Dental implants are the only permanent solution to tooth loss and are the preferred method for tooth replacement. For most patients, dental implants are a quick, easy, and relatively pain-free way to replace broken or missing teeth.
However, due to atrophy associated with missing teeth, previous tooth extractions, gum disease, or jawbone injury, the bone structure for many patients is either too thin or too soft for the placement of implants. For those patients, bone grafting provides a solution.
What are bone grafts?
Bone grafting is a common technique that restores the bone needed for the placement of dental implants. This is done by utilizing bone from donor sites such as the jaw, hip, tibia, or bone from a tissue bank. In some cases, barrier membranes may be used in conjunction with bone grafting to protect the bone and stimulate growth (known as guided bone regeneration, or guided tissue regeneration).
There are three types of bone grafts:
- Major Bone Grafts
- Sinus Lift
- Ridge Expansion
Major bone grafts
For more severe cases due to traumatic injuries, surgery, or congenital defects, major bone grafts may be required. Donor sites for major bone grafts typically include the knee, hip, or skull, depending on the quantity and quality of bone required for implants. Once the bone graft has time to strengthen and is stable, dental implants are ready for placement.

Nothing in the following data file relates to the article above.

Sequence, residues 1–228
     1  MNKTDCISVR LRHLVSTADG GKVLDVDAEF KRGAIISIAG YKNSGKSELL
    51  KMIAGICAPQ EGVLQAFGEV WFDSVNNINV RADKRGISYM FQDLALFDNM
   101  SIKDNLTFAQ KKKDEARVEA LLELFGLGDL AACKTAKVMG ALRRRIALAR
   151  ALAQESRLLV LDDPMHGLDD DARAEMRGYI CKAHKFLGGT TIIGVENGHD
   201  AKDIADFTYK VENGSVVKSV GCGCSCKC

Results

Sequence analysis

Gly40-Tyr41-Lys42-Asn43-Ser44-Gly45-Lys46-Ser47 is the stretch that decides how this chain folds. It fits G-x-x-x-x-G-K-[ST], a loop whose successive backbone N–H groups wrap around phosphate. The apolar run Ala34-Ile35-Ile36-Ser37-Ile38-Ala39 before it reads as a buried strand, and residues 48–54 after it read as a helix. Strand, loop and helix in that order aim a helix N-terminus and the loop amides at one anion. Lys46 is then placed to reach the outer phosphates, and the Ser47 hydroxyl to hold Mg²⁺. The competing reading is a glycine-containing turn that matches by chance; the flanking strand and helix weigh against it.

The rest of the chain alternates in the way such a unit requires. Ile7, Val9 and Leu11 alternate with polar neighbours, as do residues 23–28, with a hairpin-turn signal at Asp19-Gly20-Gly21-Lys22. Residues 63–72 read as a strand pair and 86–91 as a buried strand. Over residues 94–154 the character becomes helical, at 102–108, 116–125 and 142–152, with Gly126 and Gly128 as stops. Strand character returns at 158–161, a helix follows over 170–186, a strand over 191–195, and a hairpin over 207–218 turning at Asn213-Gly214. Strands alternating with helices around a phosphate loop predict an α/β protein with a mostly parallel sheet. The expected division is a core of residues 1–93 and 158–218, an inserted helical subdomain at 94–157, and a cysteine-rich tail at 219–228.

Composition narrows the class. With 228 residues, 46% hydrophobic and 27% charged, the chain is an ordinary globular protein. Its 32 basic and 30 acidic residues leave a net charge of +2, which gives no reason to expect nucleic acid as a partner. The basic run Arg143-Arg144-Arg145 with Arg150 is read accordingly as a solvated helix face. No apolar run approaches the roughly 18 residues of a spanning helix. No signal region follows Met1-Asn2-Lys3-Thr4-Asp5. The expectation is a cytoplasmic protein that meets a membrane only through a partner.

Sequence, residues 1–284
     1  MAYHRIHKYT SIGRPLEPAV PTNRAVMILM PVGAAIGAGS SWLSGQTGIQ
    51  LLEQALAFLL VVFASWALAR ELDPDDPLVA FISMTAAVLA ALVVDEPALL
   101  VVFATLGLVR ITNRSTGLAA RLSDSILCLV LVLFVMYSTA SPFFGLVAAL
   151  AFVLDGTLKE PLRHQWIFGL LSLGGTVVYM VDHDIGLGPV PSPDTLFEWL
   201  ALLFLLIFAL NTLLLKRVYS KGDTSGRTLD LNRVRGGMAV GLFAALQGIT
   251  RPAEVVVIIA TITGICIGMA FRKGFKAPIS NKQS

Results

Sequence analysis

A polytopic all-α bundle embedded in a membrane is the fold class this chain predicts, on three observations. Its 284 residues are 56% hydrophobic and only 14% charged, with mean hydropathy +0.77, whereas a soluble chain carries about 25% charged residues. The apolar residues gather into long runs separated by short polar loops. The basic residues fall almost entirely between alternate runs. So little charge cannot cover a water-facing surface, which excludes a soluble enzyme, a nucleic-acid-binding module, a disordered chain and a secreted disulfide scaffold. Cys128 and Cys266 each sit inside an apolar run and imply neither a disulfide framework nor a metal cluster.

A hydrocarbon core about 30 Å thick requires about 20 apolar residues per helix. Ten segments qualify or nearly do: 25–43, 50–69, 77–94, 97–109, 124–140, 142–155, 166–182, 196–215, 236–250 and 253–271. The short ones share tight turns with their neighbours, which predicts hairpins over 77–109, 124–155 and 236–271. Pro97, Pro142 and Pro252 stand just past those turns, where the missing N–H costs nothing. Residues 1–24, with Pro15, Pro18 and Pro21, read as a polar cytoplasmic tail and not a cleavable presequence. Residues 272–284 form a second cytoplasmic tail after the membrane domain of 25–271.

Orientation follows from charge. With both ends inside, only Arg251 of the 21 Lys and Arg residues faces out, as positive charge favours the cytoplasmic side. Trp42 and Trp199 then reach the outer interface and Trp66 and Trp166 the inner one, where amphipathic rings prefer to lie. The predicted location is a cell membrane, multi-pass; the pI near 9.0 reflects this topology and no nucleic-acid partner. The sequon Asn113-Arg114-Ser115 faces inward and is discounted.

Sinus Lift Procedure
Sinus lift, also called sinus augmentation, is a routine procedure used to restore bone of the upper jaw in preparation for dental implants. When upper teeth are removed or lost as a result of decay or other reasons, the remaining bone is often too thin to support implants. Bone loss can also cause the sinuses to expand, leaving less viable bone available to place implants between the sinus and oral cavity.
In the sinus lift procedure, the sinus membrane is “lifted” to make room for new bone placement between the sinuses and the upper jaw. For the sinus lift procedure, donor sites for the bone material include the mouth, hip, or knee. Once the bone graft heals and appropriate bone density is restored, implants can be placed.
In some cases, a patient’s jaw is not wide or high enough to support the insertion of dental implants. Over time, the alveolar ridge bone, which surrounds and supports teeth, can deteriorate after tooth extraction or bone loss due to age or disease. In a ridge expansion procedure, the jaw is mechanically expanded and bone grafts are placed. When the bone graft has matured, dental implants can be placed.
What are the benefits of bone grafts?
Not only are bone grafts a safe and effective way to provide jawbone stability and structure for dental implants, they offer a viable solution to patients who wish to leave their dentures behind in favor of better function, strength, and the appearance of natural teeth.
For more information about bone grafting or to schedule a consult, feel free to contact us at our Norwood dental office.